In June, the Eastern Spadefoot Toad tadpoles had become toadlets. They were now fully capable of hopping around, capturing beetles, finding cool places to hide out, and just hang out and enjoy one another’s company. We were “fattening” them up before they went back to the Cape. By the end of June, my students had moved onto fifth grade, and my toads were heading back to Sandy Neck on the Cape. I mourned both of their leaving. The class and I had put a lot of effort into making sure that the toads would be successful onto their release into the wild. The students and I had also put a lot of effort into our own learning over the year. I knew they would be successful learners and people as they move on in their schooling.
And then comes August. For this teacher, I remember that I have “given away” students who could do anything ask of them and in a short time, I’d be inheriting third graders who would need to learn the routines and expectations all over again. Assignment Chart will take 30 minutes as I guide them through the fine art of recording assignments in their Student Planner. I don’t know them as learners yet, don’t know what makes them tick, don’t know their unique personalities. August is a time of transitions for both the teacher and students who share similar thoughts.
And then came last Thursday. I was asked by Bryan Windmiller, the biologist who arranged for the class to have the toads, to accompany him as he check on the Blanding’s turtle eggs that he was tracking. This year, all the 4th grades in
town will be studying the Blanding’s turtle. After a professional development day on Tuesday, where we designed curriculum about the turtle, I was really excited. So I eagerly accepted the invitation and then drove to Bryan’s house where I met another 4th grade teacher and a former Thoreau alum who is at CCHS and works as an intern. First, Bryan showed us a one-day old hatchling and to my surprise, five of the toads that he had held back. While not much larger, the toads looked more mature. The hourglass shape on their back was more defined. They seemed the same on one hand, but different on another hand.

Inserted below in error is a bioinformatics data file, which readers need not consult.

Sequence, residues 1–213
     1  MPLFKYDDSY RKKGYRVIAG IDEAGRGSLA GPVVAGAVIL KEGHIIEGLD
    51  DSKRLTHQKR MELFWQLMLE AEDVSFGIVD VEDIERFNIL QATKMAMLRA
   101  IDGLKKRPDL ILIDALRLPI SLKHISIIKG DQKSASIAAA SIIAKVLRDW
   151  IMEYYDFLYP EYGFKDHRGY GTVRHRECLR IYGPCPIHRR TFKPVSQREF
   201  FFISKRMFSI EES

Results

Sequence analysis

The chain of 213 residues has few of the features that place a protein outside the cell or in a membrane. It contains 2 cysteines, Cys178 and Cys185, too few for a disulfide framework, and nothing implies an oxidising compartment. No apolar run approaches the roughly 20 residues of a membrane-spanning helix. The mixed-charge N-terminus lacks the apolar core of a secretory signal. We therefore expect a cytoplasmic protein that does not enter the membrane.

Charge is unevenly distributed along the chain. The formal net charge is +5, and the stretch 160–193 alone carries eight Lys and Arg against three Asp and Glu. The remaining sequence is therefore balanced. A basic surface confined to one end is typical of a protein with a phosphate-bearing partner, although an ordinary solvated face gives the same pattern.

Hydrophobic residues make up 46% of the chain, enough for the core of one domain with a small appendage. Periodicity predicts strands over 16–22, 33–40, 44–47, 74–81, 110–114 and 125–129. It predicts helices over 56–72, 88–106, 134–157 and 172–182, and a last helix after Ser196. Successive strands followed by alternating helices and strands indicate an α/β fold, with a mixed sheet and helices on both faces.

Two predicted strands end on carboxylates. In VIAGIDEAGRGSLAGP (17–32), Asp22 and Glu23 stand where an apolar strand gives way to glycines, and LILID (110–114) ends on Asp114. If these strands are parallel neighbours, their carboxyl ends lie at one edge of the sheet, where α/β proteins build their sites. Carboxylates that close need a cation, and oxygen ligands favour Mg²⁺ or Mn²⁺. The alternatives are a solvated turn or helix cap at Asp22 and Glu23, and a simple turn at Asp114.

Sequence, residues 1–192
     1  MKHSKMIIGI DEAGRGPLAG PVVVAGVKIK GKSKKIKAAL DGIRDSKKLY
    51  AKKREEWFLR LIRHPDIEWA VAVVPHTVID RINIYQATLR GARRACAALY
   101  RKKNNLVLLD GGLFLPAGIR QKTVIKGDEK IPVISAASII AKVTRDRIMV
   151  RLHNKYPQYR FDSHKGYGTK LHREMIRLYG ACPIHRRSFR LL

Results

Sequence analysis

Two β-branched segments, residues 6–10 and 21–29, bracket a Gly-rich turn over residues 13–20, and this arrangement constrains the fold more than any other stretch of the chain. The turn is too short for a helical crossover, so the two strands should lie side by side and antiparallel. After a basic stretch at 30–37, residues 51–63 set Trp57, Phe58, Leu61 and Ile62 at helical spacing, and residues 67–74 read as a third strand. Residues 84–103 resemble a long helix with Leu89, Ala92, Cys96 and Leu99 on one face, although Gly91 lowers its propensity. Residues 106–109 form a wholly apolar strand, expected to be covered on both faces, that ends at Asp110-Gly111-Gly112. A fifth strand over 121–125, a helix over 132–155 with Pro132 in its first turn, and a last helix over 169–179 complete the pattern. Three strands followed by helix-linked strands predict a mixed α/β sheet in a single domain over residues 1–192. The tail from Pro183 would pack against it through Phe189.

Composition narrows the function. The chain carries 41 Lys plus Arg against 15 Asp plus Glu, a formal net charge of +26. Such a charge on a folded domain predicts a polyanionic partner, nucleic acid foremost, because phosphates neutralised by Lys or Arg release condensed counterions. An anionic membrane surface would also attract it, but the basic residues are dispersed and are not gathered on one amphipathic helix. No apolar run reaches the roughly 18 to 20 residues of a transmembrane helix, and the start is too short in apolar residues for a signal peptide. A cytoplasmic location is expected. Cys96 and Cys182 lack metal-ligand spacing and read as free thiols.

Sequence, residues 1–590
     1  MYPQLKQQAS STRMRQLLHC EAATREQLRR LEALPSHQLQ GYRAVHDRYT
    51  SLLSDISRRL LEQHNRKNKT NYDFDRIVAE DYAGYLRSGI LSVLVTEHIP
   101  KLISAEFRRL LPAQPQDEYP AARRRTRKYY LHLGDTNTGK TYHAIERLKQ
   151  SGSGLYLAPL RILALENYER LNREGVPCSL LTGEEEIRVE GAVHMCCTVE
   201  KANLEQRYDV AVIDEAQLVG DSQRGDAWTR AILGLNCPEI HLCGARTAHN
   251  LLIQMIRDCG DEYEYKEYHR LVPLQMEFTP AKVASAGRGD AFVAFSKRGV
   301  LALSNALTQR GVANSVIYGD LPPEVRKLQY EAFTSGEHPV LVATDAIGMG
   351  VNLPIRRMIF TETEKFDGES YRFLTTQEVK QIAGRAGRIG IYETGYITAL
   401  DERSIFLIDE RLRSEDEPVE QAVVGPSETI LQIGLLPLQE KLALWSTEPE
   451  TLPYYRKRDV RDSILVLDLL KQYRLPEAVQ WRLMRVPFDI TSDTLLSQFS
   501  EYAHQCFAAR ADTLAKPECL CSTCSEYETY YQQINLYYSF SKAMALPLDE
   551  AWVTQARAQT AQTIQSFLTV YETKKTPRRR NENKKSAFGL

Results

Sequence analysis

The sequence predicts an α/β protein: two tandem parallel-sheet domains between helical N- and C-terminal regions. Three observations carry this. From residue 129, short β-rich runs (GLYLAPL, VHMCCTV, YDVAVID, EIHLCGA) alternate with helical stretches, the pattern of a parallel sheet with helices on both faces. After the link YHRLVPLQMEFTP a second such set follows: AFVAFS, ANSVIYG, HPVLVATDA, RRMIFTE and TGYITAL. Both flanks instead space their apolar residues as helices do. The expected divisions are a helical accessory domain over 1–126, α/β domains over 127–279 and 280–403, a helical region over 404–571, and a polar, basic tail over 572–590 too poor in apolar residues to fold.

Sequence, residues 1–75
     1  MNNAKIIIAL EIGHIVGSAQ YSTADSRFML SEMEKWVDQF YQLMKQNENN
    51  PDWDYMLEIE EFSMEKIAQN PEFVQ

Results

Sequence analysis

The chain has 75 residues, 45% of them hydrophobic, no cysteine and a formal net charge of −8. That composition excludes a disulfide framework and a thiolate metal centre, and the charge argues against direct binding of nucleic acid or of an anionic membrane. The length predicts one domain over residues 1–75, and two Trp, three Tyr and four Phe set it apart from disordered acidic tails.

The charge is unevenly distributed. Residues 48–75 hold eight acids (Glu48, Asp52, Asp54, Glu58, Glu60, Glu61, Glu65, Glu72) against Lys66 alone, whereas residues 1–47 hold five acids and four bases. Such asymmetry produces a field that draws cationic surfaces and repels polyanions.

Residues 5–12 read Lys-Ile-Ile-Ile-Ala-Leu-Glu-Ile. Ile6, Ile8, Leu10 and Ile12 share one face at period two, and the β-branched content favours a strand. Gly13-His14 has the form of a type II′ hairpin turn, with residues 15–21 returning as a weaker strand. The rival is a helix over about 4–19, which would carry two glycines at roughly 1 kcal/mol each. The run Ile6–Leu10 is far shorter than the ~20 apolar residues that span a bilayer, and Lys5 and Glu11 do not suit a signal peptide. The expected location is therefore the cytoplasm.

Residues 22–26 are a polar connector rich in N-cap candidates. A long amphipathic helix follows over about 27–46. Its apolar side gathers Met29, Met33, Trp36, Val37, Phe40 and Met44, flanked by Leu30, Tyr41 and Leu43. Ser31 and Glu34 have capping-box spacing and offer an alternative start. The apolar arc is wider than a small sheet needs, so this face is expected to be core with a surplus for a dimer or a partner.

We headed off to the first site, up on the Concord-Lincoln line. At an office building, a Blanding’s turtle had laid eggs right by the door. Quickly, Bryan started digging and soon enough, he held up a hatchling. I was so excited to see the turtle, it was amazing. He kept digging, and soon pulled up an intact egg. Before I knew it, the egg was hatching in his hand.
More and more hatchlings were unearthed. One by one, they were put into a little plastic box. Soon, the little hatchlings were exploring all over the tub. I was amazed at how curious they were as they traversed the box – up and over paper towels, over each other, over broken egg pieces. Then, it dawned on me. These turtles were so excited to be exploring. Everything was new and they were curious about their surroundings. This is just like my new students will
be, full of wonder and eagerness to learn about their new environment. I suddenly became really excited to be able to share this experience with my new students. Through the turtles, we will learn about each other. Together, we will explore our environment and explore new ideas about learning that I heard about while at BLC 10. I am really looking forward to my turtles arriving in Room 305B.
I arrived home after about two hours of walking around in the 90ºF heat. We had found two nests of hatchlings and it was fascinating. As I pulled into my driveway, there was one of my “toads” waiting for me to give me a bag of sand from Scotland and her journal. She too looked older and more mature. I’m happy to still have the toads in my life, as well, as I’m looking forward to my turtles arriving in a few weeks.